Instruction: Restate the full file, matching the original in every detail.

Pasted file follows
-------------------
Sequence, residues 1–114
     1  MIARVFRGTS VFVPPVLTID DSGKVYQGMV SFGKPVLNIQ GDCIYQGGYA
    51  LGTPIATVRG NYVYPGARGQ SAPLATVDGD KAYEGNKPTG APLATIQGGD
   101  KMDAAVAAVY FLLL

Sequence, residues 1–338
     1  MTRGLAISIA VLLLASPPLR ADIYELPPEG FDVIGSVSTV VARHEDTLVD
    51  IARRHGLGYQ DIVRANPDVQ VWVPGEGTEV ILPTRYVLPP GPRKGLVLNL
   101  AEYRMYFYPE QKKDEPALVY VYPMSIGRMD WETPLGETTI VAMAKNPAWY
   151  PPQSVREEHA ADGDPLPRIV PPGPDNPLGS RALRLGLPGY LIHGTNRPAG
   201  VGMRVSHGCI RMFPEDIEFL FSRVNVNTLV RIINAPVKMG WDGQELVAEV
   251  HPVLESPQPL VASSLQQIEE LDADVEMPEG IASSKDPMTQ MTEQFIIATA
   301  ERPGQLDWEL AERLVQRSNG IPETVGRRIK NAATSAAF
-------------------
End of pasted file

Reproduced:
Sequence, residues 1–114
     1  MIARVFRGTS VFVPPVLTID DSGKVYQGMV SFGKPVLNIQ GDCIYQGGYA
    51  LGTPIATVRG NYVYPGARGQ SAPLATVDGD KAYEGNKPTG APLATIQGGD
   101  KMDAAVAAVY FLLL

Sequence, residues 1–338
     1  MTRGLAISIA VLLLASPPLR ADIYELPPEG FDVIGSVSTV VARHEDTLVD
    51  IARRHGLGYQ DIVRANPDVQ VWVPGEGTEV ILPTRYVLPP GPRKGLVLNL
   101  AEYRMYFYPE QKKDEPALVY VYPMSIGRMD WETPLGETTI VAMAKNPAWY
   151  PPQSVREEHA ADGDPLPRIV PPGPDNPLGS RALRLGLPGY LIHGTNRPAG
   201  VGMRVSHGCI RMFPEDIEFL FSRVNVNTLV RIINAPVKMG WDGQELVAEV
   251  HPVLESPQPL VASSLQQIEE LDADVEMPEG IASSKDPMTQ MTEQFIIATA
   301  ERPGQLDWEL AERLVQRSNG IPETVGRRIK NAATSAAF